Spring Equinox mindfulness for study intentions

Follow this Spring Equinox inspired mindfulness activity to focus your restless mind and better engage with your studies.


Here is my Spring Equinox inspired tip for engaging with your studies. It should only take a few minutes and allow your mind to better focus on the tasks you're attempting to undertake, especially if you have anxiety about getting an assignment finished or identify as neurodiverse.

Step 1

Collect your essentials. 

Take the time to gather the necessary study tools in your comfortable study spot. Make sure not to leave anything behind that could distract and need you to move later.

Step 2

Sit in your comfy spot having first ensured that any bodily considerations are taken care of.

 Are you hungry? Thirsty? Do you need the loo? Is your jumper itchy and annoying you? Are your socks too tight? Make sure you’ve taken care of these things so they’re unlikely to distract you.

Step 3

Take a few deep breaths. 

When people say this, it's easy to assume a mutual understanding of what it means but I’m autistic so I don't assume a mutual understanding. 

Take your hand and put it on your heart. Feel the beats of your heart and once you're sure you can count the beats in patterns of four, take a breath in for four heartbeats and then out for four heartbeats. 

Many people will advise you to breathe in through the nose and blow out through the mouth and that's fine, if you want to do it that way but, in this instance, it doesn't make much difference. Concentrating on your breathing and heartbeats in the moment are the point here.

Step 4

Close your eyes

This is actually more important than you think, it allows you to block out the sensory input of what's visually around you and further focuses you. 

While your eyes are closed, you can continue with the breathing exercises if you choose but the point now is to listen. Take stock of all the noises around you, identify them and then move on to the next thing until you've identified them all. 

Your neurological pathways are, 100% of the time, assessing all the input they're getting at any given time. In this kind of situation, we're trying to take control of that process by limiting the extent to which our neural pathways can become distracted by the environment. Unfortunately, our auditory processes tend to be the ones we can least control. So, instead, we allow our brains the time to procrastinate and analyse the sounds so they have the information they need and can move on to focus where you direct them.

Step 5

Picture your long-term goals. 

This may seem like a distraction but this is the intention part of the process. 

Look at the long-term goal in front of you. Do you want to go into finance? Are you training in law? Studying to become a nurse? Wanting to get a degree in a subject you enjoy for the fun or just to see where it takes you? Whichever it is, look at it now.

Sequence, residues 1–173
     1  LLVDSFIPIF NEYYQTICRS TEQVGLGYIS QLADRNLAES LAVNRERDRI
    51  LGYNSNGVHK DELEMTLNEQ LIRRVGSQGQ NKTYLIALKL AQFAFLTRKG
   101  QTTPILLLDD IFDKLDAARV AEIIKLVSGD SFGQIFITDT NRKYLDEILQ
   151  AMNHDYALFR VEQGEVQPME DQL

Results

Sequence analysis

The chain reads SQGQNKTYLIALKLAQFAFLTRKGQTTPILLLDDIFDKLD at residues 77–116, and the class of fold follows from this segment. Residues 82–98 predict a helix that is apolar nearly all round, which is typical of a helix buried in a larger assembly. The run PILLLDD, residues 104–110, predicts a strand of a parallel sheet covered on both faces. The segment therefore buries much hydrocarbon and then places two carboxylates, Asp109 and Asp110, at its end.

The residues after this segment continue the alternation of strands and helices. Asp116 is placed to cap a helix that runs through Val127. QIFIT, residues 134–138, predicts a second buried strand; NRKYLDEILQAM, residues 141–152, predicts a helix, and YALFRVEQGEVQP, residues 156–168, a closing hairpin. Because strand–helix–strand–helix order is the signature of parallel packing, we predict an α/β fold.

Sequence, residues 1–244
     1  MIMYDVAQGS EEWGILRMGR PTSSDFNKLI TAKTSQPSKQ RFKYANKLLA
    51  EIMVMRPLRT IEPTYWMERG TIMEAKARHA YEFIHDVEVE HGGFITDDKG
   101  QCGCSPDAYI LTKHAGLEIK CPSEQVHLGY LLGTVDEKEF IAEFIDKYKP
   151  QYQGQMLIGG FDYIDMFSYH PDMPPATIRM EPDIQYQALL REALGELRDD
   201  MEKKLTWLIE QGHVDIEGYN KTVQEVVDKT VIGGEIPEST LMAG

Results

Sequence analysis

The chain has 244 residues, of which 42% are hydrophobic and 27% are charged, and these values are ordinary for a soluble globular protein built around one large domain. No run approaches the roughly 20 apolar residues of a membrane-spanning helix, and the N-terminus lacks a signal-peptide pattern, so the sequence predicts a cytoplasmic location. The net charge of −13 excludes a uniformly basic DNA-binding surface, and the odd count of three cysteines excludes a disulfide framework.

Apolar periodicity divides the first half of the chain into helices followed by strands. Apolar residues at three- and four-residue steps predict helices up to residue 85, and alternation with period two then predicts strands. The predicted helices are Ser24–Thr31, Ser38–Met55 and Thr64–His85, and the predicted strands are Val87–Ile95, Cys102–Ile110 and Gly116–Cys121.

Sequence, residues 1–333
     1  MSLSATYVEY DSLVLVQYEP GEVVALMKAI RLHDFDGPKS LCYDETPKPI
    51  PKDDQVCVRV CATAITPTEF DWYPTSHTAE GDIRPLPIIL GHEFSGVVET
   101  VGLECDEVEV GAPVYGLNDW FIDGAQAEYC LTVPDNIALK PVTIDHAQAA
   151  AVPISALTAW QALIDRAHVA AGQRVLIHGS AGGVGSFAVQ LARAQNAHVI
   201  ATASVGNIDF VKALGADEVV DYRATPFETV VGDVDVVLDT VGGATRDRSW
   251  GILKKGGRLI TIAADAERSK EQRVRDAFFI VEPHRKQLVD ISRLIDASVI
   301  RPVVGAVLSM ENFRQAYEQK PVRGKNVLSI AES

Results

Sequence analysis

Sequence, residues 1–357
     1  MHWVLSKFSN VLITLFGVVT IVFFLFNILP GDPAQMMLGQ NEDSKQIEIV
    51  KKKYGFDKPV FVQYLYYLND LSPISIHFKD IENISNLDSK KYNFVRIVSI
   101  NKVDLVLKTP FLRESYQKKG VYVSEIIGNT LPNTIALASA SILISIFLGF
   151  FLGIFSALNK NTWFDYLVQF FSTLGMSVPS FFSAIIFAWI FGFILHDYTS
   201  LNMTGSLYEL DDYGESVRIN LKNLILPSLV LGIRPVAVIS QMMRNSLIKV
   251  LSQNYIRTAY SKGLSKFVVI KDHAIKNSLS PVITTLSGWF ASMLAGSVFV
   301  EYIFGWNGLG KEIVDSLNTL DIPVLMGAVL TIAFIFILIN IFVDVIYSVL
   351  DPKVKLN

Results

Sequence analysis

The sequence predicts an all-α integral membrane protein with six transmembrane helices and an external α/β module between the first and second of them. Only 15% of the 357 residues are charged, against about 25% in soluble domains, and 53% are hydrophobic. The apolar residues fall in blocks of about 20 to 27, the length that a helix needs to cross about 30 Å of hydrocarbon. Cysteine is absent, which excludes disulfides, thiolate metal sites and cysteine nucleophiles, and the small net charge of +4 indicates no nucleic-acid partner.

This will be easy for those of you with a strong mind's eye (the ability to see images in your mind) but some of you may struggle with seeing specific pictures (if you have aphantasia, here is an interesting site ) so do whatever it is you do that focuses you on that end goal (as someone with hyperphantasia, I haven't a clue what that looks like in your mind so forgive the stingy instructions, feel free to comment with tips of your own on this!). 

Step 6

Bring it back. 

Now step back from your long-termgoal and see what needs to happen before you get there. 

This could take a few steps if you need it to. What comes immediately before that goal? Getting your degree or certification? Are you picturing your graduation? That's great! 

Now pull it back some more, perhaps to your final assignment for the academic year or to choosing your next module. 

Now pull it back again and focus on the thing immediately in front of you. In order to do all the things in the timeline you envisaged, you need to focus on this first. This is a small step, as insurmountable as some chapters, activities and assignments may sometimes appear. 

Are you reading the chapter in a book? An online module? Do you need to watch and rewatch videos, to take relevant notes? Focus on doing this, in your mind. If you can, try to picture doing it. What will it look like? What will it feel like? Imagine a highlighter in your hand or the feel of your fingers on the mouse or mousepad or screen of your device. 

Are you listening to any focusing music (check out this article for information on how music can focus even the ADHD brain)? 

If you’re struggling, open your eyes, reach out and touch the study materials in front of you and focus on that. The pen, the highlighter or the device; the smooth surfaces, the rough, the edges, the dents and nuance of shape. 

Step 7

Disengage from the mindful moment and re-engage with your surroundings. Open your eyes and take your hand off your heart, if you haven’t already, and take the steps necessary to put those thoughts into action. 

Take out your books, stationery and devices and do the thing that you need to do to focus on your studies. 

When we're studying, focusing on the end goal is a necessity and often a coping mechanism for dealing with the stresses of academic life, especially as many of us are also working, raising a family and dealing with all the other issues life throws at us. For a while though, do try to focus on the journey too.


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Debi Gregory

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